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Language-impaired children's real-time comprehension of spoken language

  • James W. Montgomery (a1), Rosalind R. Scudder (a2) and Christopher A. Moore (a3)


Language-impaired children have been shown to exhibit a variety of post-sentence comprehension deficits. Comprehension, however, may also be assessed as it develops rather than after it has occurred. The present investigation compared the real-time language processing abilities of language-impaired and normal children using a word recognition reaction time paradigm. Children's reaction times across three word positions in three sentence type conditions were measured. Results showed that the language-impaired children used linguistic context to facilitate word recognition, but were slower to do so than their normally developing peers. The results were interpreted to suggest that language-impaired children are less proficient than normal children at using their linguistic knowledge to develop linguistic representations of sentence meaning. An on-line retrieval deficit or deficient connections among processing units (e.g., Rumelhart & McClelland, 1986a, 1986b; Waltz & Pollack, 1985) are suggested as likely sources of the language-impaired children's language processing difficulties.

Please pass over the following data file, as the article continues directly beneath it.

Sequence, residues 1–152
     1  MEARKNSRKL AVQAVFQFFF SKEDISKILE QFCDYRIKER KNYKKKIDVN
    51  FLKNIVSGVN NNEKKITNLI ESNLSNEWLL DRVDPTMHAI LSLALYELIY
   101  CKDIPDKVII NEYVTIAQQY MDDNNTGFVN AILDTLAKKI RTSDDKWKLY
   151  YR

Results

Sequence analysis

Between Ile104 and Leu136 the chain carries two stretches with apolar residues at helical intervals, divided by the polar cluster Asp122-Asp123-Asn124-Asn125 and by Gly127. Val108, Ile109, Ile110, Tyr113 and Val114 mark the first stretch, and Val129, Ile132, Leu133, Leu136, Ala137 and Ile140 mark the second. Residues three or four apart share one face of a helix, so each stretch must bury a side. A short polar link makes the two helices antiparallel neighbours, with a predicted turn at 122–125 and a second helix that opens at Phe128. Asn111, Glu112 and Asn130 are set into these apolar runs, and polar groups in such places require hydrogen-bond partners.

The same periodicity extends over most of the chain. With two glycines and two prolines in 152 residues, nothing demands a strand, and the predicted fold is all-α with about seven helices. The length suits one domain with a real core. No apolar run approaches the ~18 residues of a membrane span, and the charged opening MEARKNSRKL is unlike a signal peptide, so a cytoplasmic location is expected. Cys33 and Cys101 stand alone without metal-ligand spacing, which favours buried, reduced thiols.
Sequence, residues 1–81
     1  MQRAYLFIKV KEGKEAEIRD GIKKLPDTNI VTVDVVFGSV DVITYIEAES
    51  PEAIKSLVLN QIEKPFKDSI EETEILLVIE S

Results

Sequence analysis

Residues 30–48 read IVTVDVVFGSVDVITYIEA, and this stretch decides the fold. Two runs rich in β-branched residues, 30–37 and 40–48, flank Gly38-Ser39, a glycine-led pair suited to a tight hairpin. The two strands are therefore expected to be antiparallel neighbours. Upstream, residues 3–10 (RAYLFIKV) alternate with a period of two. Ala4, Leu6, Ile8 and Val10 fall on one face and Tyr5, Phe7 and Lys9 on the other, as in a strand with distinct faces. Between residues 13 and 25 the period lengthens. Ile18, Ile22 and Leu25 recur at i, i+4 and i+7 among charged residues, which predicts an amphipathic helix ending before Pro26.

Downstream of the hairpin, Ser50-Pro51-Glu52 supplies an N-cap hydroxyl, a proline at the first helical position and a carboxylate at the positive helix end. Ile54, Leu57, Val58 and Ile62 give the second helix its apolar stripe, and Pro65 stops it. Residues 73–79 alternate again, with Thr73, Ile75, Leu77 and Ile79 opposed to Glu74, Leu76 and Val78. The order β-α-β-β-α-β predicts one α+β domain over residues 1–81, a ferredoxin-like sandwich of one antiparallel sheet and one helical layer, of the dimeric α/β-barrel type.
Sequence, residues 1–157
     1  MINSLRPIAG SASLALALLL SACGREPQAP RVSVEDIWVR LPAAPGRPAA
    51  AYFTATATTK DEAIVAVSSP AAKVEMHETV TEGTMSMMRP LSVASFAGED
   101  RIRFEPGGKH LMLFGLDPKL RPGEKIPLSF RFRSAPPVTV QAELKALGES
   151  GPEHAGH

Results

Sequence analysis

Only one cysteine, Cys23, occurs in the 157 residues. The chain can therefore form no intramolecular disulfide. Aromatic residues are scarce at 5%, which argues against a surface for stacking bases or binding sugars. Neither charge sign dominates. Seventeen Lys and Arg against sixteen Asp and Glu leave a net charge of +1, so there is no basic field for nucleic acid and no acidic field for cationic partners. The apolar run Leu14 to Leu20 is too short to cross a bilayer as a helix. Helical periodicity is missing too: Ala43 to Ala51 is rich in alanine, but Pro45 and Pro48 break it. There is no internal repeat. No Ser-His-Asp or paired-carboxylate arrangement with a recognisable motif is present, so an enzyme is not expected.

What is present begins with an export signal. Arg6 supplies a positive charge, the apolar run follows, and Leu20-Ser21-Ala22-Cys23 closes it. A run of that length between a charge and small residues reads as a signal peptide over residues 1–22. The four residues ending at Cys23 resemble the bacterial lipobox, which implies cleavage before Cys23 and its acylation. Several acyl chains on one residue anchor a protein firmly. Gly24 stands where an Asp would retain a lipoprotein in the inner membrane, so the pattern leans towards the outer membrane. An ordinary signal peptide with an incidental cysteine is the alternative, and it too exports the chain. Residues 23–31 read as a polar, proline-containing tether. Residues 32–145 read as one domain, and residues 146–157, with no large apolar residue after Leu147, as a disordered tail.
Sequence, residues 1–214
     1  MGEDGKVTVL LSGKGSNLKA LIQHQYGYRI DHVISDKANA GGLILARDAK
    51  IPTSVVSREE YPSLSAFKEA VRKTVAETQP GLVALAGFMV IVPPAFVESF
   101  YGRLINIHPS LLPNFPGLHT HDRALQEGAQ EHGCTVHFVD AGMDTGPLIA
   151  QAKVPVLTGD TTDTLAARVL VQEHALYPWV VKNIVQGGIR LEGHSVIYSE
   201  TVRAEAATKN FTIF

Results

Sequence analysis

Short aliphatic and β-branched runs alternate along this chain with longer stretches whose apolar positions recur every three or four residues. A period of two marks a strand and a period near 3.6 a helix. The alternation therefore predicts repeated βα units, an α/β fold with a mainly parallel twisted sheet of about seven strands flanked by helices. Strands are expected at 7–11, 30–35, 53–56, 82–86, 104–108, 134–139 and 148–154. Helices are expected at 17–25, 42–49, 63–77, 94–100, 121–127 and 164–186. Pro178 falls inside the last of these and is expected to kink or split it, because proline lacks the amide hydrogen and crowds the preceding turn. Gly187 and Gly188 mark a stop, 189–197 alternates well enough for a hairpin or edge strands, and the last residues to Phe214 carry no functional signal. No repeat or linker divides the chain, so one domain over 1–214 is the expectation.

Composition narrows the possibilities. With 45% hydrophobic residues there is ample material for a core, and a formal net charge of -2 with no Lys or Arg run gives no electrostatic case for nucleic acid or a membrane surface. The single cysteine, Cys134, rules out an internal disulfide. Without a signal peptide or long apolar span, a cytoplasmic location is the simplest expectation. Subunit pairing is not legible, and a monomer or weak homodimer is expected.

Corresponding author

James W. Montgomery, Audiology & Speech Sciences, Heavilon Hall, Purdue University, West Lafayette, IN 47907


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